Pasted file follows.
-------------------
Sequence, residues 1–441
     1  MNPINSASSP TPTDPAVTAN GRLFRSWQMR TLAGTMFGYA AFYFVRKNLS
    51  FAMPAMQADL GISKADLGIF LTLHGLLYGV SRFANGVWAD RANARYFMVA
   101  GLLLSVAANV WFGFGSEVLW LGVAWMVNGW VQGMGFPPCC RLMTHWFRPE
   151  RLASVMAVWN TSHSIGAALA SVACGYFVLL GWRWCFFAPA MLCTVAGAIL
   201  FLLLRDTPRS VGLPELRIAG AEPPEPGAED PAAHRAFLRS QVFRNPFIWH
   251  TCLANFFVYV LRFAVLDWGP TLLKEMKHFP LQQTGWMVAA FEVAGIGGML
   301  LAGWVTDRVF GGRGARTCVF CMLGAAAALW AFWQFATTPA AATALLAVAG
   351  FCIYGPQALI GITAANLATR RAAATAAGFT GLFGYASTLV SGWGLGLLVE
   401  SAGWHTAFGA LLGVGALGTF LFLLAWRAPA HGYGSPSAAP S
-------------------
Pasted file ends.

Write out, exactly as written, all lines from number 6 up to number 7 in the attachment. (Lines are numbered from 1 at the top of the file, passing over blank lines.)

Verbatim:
   201  FLLLRDTPRS VGLPELRIAG AEPPEPGAED PAAHRAFLRS QVFRNPFIWH
   251  TCLANFFVYV LRFAVLDWGP TLLKEMKHFP LQQTGWMVAA FEVAGIGGML